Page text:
The study focuses on the South Jersey housing market, in particular the vast number of REOs, foreclosures and abandoned properties, and how the problem is adversely affecting the region’s housing market and the economy.
The report also offers strategies that can facilitate foreclosures as a means to provide much-needed housing for entry-level, workforce and middle-income families.
There is no lack of focus in our state on the need for housing that is affordable to low- and moderate-income families. And, there are many advocates who support policy-driven solutions to affordability. Our intent in working with Rand was to put a focus on how market-driven solutions can solve another affordability housing issue within the state; for example, the lack of entry-level housing that is affordable to working and middle-income families.
Because of the inefficiencies within the judicial foreclosure process and the layers of internal systems within the banking industry, thousands of foreclosures are scattered throughout South Jersey. Additionally, we analyzed the continued depreciation of property values in foreclosure, as well as their contagion effect on surrounding homes and neighborhoods. In recognizing the extent of the negative impact of foreclosures on our communities, we turned to Rand to ask them to not only help us analyze a larger number of properties, but also to examine the economic benefits of providing housing that is affordable to a population that is not focused on by policy advocates.
Confirmed speakers include Sean C. Closkey, president, TRF Development Partners of The Reinvestment Fund Inc.; Brad A. Molotsky, Esq., partner, Duane Morris, LLP; and Linda E. Fisher, professor of law, James B. Boskey Research Fellow, Seton Hall Law School.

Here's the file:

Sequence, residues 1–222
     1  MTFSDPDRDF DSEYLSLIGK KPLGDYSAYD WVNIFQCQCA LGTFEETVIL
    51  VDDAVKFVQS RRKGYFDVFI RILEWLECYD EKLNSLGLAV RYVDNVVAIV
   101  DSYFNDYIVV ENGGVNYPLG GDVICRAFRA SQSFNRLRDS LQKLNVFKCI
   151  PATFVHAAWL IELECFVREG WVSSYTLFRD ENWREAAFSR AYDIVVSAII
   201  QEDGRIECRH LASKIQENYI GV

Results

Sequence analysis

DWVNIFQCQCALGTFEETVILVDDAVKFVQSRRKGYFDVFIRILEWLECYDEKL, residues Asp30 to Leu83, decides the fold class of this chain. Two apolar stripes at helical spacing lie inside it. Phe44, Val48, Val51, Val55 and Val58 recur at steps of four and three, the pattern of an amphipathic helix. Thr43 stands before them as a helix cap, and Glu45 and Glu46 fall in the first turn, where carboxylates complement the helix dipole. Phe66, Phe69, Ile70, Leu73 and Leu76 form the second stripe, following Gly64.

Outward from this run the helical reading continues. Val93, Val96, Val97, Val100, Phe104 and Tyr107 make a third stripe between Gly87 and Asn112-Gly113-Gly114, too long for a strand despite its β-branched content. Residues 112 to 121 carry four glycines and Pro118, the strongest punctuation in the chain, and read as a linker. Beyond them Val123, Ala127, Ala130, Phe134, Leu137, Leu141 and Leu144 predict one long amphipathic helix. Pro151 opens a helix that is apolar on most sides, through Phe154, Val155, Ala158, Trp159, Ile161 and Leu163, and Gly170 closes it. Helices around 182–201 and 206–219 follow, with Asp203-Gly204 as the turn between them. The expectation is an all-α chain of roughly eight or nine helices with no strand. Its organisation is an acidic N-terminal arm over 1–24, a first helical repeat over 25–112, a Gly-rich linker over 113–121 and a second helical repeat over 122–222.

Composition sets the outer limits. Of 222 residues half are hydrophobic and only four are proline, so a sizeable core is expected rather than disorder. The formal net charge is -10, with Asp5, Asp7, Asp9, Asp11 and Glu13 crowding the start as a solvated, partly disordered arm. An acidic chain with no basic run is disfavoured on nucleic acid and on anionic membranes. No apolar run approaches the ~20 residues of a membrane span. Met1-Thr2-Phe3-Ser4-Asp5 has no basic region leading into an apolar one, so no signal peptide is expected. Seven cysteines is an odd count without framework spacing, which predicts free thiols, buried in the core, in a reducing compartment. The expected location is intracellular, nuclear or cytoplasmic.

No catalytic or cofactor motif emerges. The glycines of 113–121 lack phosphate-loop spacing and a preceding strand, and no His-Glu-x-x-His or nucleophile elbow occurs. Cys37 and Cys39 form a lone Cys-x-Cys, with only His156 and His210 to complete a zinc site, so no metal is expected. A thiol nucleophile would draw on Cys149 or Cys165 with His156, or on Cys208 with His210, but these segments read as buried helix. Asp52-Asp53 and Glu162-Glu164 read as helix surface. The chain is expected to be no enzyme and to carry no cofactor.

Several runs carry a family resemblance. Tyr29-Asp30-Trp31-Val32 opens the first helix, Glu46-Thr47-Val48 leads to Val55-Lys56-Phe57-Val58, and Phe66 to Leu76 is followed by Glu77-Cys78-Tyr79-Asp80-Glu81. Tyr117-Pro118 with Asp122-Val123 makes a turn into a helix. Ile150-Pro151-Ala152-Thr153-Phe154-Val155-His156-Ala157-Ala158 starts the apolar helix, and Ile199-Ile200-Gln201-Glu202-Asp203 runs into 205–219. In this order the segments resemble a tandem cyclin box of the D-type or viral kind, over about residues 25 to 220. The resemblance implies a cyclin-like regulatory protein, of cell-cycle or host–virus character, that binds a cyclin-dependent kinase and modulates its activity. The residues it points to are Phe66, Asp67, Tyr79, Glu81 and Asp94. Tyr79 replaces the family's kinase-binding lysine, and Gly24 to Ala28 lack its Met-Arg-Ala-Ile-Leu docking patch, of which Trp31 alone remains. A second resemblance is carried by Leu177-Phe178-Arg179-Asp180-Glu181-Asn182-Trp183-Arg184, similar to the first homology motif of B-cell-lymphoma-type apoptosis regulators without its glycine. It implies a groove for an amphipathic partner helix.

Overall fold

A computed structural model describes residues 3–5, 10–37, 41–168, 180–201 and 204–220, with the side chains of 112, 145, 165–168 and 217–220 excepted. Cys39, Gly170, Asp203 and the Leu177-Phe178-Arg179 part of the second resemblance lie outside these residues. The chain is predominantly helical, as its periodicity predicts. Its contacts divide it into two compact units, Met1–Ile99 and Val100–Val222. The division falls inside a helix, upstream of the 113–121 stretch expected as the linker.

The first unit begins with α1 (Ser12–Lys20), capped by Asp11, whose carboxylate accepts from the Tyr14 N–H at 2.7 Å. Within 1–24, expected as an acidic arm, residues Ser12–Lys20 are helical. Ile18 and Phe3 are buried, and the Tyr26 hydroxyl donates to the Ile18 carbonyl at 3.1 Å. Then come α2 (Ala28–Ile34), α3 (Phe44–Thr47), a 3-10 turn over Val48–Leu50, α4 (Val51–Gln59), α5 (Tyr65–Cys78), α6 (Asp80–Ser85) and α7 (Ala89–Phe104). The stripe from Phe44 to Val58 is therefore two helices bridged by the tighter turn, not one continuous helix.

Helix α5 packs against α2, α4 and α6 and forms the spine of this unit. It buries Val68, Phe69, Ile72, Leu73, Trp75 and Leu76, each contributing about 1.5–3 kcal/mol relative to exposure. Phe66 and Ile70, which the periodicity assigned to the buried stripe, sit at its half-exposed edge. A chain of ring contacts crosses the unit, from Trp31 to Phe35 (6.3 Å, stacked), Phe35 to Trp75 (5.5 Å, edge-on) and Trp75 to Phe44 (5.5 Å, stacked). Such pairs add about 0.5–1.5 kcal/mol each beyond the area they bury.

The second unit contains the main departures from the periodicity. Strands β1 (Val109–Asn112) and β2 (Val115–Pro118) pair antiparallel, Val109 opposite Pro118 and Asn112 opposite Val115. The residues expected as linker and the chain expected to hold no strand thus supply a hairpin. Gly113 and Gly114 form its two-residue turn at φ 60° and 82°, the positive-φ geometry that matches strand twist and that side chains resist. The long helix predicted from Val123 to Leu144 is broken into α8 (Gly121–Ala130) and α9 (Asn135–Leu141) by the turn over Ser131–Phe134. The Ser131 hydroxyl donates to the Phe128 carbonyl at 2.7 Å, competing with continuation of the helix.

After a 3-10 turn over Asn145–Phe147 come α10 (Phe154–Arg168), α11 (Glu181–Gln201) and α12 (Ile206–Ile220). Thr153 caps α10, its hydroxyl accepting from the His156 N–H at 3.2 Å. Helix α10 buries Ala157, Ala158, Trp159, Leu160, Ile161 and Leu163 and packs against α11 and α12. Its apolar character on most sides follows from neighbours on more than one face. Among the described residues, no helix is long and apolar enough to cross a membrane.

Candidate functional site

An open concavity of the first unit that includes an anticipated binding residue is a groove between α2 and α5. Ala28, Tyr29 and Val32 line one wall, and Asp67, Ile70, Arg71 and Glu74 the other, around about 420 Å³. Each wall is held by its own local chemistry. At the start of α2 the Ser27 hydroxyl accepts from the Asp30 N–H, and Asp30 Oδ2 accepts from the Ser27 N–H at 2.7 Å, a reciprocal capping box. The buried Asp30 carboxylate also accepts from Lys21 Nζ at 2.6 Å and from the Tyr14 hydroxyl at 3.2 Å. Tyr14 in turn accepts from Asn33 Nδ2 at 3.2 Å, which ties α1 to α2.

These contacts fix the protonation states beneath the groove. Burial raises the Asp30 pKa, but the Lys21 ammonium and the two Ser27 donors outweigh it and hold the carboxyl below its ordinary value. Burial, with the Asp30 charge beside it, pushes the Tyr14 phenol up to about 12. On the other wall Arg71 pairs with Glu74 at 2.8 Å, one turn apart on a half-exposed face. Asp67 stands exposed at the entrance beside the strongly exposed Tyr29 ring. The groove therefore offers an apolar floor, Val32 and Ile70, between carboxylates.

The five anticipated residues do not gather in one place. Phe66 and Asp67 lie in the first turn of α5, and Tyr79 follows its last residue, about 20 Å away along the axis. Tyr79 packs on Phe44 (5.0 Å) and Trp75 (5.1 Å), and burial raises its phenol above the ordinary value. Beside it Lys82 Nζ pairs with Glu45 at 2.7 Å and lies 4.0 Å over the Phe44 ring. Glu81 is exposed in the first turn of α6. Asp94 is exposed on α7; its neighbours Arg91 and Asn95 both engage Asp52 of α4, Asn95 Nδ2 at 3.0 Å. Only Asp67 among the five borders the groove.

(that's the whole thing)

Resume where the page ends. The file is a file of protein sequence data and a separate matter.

Three problems will be addressed:
Entry-level home buyers, working and middle-income families are unable to compete with investors to acquire foreclosed homes that are REO properties.
By the nature of the enormity of the number of homes in distress throughout our communities, the myriad of legal layers, as well as multiple moving parts and inefficiencies involved in the process of pre-foreclosure, short sales, sheriff sales and REOs, properties are left to languish, deteriorate and decrease neighborhood property values.
Lack of financing options for CDCs and nonprofits to acquire and renovate foreclosures. Inherent to purchasing foreclosures is the risk of buying a property “as is” and often-times with the requirement of an all-cash deal.
The goal is to create a thriving region for families to live. We hope to come to find solutions that will help expedite the process of getting properties entangled in the foreclosure process into the ownership of nonprofits to help supply the demand of entry-level housing that is affordable to middle-income and working families; develop a loan vehicle that will give access to CDCs and nonprofits to acquire and renovate distressed properties; and develop a unified housing initiative comprised of multi-sector partners to work toward the facilitation of REOs into safe and habitable homes for sale or rent.
We’re hoping this event isn’t the end but the beginning— spurring the creation of a housing initiative driven by multi-sector stakeholders working toward turning the report’s strategies into viable solutions.
Join us at this panel discussion Monday, October 22 from 8:30 a.m.–noon at Adelphia Ballroom, 1750 Clements Bridge Road, Deptford. Please email firstname.lastname@example.org or email@example.com with any questions.
Wanda P. Hardy is CEO and president of Financial Wellness Institute and Theresa DiVietro is vice president of business development at Land Dimensions.
Turning Toxic Liabilities into Community Assets
The Financial Wellness Institute, in partnership with Land Dimensions and the Senator Walter Rand Institute for Public Affairs at Rutgers University-Camden, is spotlighting and raising awareness of the severity of the ongoing foreclosure issue that is plaguing our communities and hosting a panel to discuss a study recently completed by the Rand Institute: Turning Toxic Liabilities into Community Assets.